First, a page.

- Small Chernin House
- Vrbna Palace
- At the Press
- At the Golden Apple
- Dietrichstein Palace
- Radnieni stairs
- Church of Assumption of Virgin Mary
- Capuchin Monastery
Do not miss looking around this great Prague quarter.
Find out more about the mediaeval construction of the Charles Bridge - a unique historical sight and one of the symbols of Prague.
You will also unravel the truth about the recent Charles Bridge repairs.
Entry fees: 150.00 Czk
You can buy the 4-in-1 ticket. Its price includes the cruise through Prague Venice, entrances to the Charles Bridge Museum, Museum of Alchemists and the Mysteriae Pragensis Museum.
Adults 380,00 Czk
children 250,00 Czk
Summer season - May to September
Monday to Sunday
between 10 a.m. and 8 p.m.
Winter season - October to April
Monday to Sunday
between 10 a.m. and 6 p.m.
Karel IV (Charles), born Wenceslaus, (1316-1378) was the second king of Bohemia, from the House of Luxembourg, and the first king of Bohemia to become Holy Roman Emperor. In 1347, after his father King John died at the Battle of Crecy, Charles was crowned King of Bohemia.
Charles IV rebuilt the city of Prague onthe model of Paris, where he was resident for several years at the court of his uncle King Charles IV of France. He also established Novo Mesto (the New Town) and the university of Prague in 1348.
His reign was characterized by a transformation in the nature of the Empire and is remembered as the golden age of Bohemia. Charles also organized the states of the empire into peace-keeping confederations. King Charles IV made Prague the imperial capital and was a great builder in the city. In the present Czech Republic he is still regarded as "otec vlasti", pater patriae or father of the country. He was great lover of art and literature and corresponded with Petrarca, great Italian poet and invited him to visit his residence in Prague.
The monumental bronze statue of Charles IV was designed by Arnost Haehnel. The pedestal is adorned with allegories of four faculties: theology, medicine, law and philosophy.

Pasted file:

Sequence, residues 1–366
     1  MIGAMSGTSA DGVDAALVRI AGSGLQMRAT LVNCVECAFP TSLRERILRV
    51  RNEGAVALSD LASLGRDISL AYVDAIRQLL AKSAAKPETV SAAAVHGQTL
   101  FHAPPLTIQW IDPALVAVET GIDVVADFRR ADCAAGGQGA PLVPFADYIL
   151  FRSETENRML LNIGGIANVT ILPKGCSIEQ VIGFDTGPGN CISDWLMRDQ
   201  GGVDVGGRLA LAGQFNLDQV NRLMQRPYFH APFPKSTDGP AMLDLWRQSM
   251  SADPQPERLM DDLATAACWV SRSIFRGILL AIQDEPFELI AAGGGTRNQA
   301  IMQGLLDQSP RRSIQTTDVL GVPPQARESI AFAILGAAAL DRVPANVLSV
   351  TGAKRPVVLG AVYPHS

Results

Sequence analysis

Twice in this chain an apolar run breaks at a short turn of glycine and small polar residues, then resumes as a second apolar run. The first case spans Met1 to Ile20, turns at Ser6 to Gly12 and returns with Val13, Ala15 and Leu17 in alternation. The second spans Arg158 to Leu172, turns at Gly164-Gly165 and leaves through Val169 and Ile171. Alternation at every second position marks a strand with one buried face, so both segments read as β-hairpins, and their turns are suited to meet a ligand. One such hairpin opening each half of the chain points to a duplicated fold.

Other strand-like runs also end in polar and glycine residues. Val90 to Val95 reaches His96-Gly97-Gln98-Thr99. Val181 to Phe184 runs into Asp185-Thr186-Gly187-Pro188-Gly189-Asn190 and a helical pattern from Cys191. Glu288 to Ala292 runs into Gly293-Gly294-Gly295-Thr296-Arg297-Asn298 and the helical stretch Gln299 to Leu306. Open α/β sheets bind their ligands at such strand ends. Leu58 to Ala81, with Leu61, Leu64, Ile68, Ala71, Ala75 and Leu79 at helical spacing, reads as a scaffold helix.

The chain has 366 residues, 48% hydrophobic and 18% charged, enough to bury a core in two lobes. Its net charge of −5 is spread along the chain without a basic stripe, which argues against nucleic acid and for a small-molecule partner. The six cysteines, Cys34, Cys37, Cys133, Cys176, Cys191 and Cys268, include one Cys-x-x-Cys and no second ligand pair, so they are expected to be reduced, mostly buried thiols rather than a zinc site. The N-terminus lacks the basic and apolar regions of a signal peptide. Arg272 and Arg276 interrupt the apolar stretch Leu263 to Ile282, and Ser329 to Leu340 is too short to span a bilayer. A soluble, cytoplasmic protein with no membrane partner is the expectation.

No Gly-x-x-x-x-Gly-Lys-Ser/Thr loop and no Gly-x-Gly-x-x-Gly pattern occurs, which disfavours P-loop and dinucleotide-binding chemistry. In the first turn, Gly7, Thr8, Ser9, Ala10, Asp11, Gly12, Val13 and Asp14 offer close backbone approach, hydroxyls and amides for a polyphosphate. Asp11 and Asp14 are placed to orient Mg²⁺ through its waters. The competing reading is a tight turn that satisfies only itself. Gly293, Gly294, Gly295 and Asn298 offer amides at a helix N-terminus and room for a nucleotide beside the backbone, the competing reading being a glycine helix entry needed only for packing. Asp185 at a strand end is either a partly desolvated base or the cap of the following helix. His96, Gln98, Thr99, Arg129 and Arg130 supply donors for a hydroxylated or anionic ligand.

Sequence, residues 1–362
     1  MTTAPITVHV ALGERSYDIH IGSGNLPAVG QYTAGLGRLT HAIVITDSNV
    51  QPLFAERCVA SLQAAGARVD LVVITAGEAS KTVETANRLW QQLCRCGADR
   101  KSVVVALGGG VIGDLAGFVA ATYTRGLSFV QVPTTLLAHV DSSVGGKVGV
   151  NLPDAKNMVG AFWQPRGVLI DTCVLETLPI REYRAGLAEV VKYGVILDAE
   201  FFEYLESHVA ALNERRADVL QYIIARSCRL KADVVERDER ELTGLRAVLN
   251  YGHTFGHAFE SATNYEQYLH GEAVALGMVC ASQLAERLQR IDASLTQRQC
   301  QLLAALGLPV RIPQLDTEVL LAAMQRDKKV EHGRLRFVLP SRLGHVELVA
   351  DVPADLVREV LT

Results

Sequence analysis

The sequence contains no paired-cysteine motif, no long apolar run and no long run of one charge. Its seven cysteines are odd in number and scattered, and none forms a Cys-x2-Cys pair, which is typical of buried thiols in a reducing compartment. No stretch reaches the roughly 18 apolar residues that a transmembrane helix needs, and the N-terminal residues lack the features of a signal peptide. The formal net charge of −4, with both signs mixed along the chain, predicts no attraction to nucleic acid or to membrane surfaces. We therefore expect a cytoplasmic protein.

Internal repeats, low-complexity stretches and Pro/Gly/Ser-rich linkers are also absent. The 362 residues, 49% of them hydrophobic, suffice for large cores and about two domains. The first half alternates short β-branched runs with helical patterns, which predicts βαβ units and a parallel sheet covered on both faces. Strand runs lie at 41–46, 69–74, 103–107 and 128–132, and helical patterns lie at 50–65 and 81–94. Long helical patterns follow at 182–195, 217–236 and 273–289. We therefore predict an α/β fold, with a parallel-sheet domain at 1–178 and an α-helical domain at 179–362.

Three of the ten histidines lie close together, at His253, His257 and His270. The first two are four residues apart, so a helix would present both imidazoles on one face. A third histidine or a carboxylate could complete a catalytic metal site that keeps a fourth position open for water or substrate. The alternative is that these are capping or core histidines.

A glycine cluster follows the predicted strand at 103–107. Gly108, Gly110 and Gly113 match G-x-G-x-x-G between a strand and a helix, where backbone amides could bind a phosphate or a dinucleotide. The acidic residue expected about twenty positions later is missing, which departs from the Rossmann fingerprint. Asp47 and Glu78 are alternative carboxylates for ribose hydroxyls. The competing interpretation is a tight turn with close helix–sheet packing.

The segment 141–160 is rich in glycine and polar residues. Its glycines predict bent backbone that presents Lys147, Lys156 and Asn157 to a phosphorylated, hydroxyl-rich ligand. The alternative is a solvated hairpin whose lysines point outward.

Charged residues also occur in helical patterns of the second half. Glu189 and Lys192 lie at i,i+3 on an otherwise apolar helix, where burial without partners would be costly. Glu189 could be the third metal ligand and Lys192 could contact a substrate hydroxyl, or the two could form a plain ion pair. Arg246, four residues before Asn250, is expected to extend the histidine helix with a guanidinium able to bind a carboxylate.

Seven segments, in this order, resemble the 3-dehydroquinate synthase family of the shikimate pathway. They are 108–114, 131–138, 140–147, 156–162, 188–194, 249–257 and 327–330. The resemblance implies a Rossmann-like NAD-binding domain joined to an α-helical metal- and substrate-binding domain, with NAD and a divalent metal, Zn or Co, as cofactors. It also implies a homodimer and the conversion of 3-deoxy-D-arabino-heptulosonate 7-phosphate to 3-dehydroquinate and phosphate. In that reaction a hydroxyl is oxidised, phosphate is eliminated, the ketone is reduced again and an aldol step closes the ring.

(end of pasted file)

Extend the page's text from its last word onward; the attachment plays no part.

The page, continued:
This remarkable Baroque historic monument is a place of pilgrimage with captivating history.
Enjoy this picturesque view from the terrace of the Czernin Palace, Hradcany.
27-bell carillon plays a Marian song 'We Greet You a Thousand Times' (every hour from 9 a.m. to 6 p.m.). and a beautiful sound ringing around the courtyard outside.
Winter (1st November - 31st March)
Mon - Sun 9:30 - 12:15 a. m. and 1:00 - 4:00 p. m.
Summer (1st April - 31st October)
Mon - Sun 9:00 - 12:15 a. m. and 1:00 - 5:00 p. m.
Entrance fee (covers the entrance to the whole premises including the Treasury and the seasonal Exhibitons):
adults CZK 130.-
students CZK 100.-
family (2 adults + children under 15) CZK 270.-
Prague is child friendly city. There are a lot playgrounds, child friendly restaurant and places where the kids could play.
See the web page:
Staromestska vodarna (Old Town Water Tower) stands on the right bank of the Vltava River, on the place called Novotneho lavka (Novotny Footbridge). It used to supply the Old Town's fountains with water. The original tower, which date back to the beginning of the 14th century, was made of wood but its construction has been damaged by fire many times because the workers in the tower used to use open fire to melt frozen water in the pipes during winter. The other damages were caused by floods and icebergs.